[1] As a brief summary, the Tennessee Supreme Court’s decision in West considered the appropriate measure of “reasonable medical expenses” in the context of the Hospital Lien Act (“HLA”), codified at Tenn. Code Ann. § 29-22-101(a).  Under the HLA, medical providers are entitled to recover, through a lien, for the “reasonable medical expenses” resulting from their treatment of a patient.  In West, the Court considered the scope of the “reasonable expenses” that can be recovered by medical providers under this Act.  The Supreme Court looked past the often-illusory “unadjusted charges” issued by modern healthcare companies and found that “with regard to an insurance company’s customers, ‘reasonable charges’ are the charges agreed to by the insurance company and the hospital.  [The hospital’s] contract with [the insurer] defined what the reasonable charges for the medical services provided to [its patients] would be.”  West, 459 S.W.3d at 46.  With this in mind, the Court limited the amount a hospital could recover as “reasonable expenses” to the amount paid and accepted in satisfaction of a patient’s bill.  The West Court further explained that the concept of “reasonable medical expenses” is “well known to the bench and bar,” applying not only in the hospital lien context, but also in medical malpractice actions, workers’ compensation actions, and personal injury actions.

[2] Deadmon, 2016 Tenn. App. LEXIS 386 at *4, 2016 WL 3219070, No. W2015-01462-COA-R9-CV (Tenn. Ct. App. 2016)

[3] Id.

[4] Id. at *5.

[5] Id.

 

In March 2015, the trial court conducted a hearing on the Defendants’ motion in limine.  The trial court agreed with the Defendants that, based on West, Mrs. Dedmon’s full, undiscounted medical bills are irrelevant to the question of her reasonable medical expenses and that the discounted amounts paid by Mrs. Dedmon’s insurer constituted her reasonable medical expenses as a matter of law.  Accordingly, it granted the motion in limine and excluded evidence of Mrs. Dedmon’s full, undiscounted medical bills. The trial court commented that it interpreted West as having advanced a policy of not allowing “the subterfuge that the medical community uses with regard to insurance and expenses to sully the court system.”[1] The trial court added that it could not “imagine that [this Court] would use any other logic in this situation than they used in [the hospital lien statute] situation.”[2]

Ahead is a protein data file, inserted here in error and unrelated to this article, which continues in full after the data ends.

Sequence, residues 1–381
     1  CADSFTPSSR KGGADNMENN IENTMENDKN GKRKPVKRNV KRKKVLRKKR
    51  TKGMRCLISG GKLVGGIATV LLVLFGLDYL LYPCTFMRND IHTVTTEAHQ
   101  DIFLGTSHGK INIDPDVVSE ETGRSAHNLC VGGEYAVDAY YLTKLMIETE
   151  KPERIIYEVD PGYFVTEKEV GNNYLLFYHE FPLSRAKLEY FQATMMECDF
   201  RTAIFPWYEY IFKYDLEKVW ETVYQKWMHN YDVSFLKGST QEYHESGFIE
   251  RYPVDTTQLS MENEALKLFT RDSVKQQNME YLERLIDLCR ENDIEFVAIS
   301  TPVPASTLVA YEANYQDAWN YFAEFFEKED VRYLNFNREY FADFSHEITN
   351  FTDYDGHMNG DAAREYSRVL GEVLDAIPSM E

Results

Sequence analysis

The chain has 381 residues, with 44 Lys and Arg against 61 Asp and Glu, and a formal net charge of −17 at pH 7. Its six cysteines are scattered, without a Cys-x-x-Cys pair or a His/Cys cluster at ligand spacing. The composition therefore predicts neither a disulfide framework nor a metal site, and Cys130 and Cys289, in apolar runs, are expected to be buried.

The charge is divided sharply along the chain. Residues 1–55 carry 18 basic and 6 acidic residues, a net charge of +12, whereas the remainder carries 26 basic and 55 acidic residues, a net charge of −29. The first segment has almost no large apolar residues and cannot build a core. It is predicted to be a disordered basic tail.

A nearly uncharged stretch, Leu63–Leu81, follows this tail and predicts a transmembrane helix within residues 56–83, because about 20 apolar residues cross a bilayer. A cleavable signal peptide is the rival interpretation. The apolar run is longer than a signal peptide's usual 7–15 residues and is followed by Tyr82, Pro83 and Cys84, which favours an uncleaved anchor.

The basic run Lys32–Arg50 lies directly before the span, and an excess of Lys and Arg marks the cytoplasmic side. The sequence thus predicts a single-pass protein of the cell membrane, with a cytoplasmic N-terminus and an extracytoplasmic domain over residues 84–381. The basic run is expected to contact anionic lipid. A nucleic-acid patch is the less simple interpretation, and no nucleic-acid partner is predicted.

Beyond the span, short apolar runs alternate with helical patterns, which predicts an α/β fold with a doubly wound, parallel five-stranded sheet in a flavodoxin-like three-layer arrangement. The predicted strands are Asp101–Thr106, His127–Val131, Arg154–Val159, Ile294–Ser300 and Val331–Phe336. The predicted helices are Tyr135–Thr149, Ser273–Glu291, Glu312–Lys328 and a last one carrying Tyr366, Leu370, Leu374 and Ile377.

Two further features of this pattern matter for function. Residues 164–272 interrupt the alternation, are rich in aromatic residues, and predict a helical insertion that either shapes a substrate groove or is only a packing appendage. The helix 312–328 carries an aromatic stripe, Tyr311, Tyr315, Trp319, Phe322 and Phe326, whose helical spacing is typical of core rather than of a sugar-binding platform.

On review, the Tennessee Court of Appeals reversed the trial court’s order on the motion in limine. However, the Court charted a middle ground between the two sides, ultimately adopting a “hybrid approach” that allowed Plaintiffs to present evidence of the full, “unadjusted” charges issued by healthcare providers, but also allowed Defendants to present evidence of the lower, “adjusted” charges that were paid to refute the excess charges claimed by Plaintiffs.

In considering the issue, the Court of Appeals acknowledged that the concept of “reasonable medical expenses” has come under increased scrutiny in recent years “due to the increased involvement of government payors, the complexity of health care reimbursement provisions, financial pressures on hospitals, and the significance of medical expense recovery in personal injury litigation.”[3] The Court further noted that the unadjusted charges issued by healthcare providers are “vastly different” than the amounts paid on behalf of patients.[4]  However, the Court concluded that under existing authority, “damages in personal injury cases are not measured by ‘fixed rules of law’ but rest largely in the discretion of the trier of fact.”[5] The Court found that Plaintiffs are entitled to present expert testimony regarding the reasonableness of their claimed damages. Id. (citing Borner v. Autry, 284 S.W.3d 216, 218 (Tenn. 2009)).  However, the Court further found that “existing law in this state also makes clear that Defendants are permitted to offer proof contradicting the reasonableness of the medical expenses.”[6] Although Defendants were cautioned not to run afoul of the collateral source rule by indicating how a bill was paid, “allowing evidence that a medical bill was satisfied for a lower amount does not necessarily require evidence that the payment was made by a collateral source such as insurance.”[7]


[1] Id. at *6.

[2] Id.

[3] Id.

[4] Id. at *7 n. 5.

[5] Id. at *13 (quoting Roberts v. Davis, 2001 WL 921903, at *4 (Tenn. Ct. App. Aug. 7, 2001))

[6] Id. at *16.

[7] Id. at *7 n. 6.

The Court of Appeals stated that the collateral source rule “does not address, much less bar, the admission of evidence indicating that something less than the charged amount has satisfied, or will satisfy, the amount billed.”[1] In so holding, the Court specifically refuted the argument that the “negotiated price differential” is somehow protected by the collateral source rule.  According the appellate court, plaintiffs would no longer be able to use the collateral source rule as sword and shield when explaining the amount of medical expenses to juries. Under the appellate court ruling, juries would still determine the reasonable expenses, but only after hearing both sides of the story.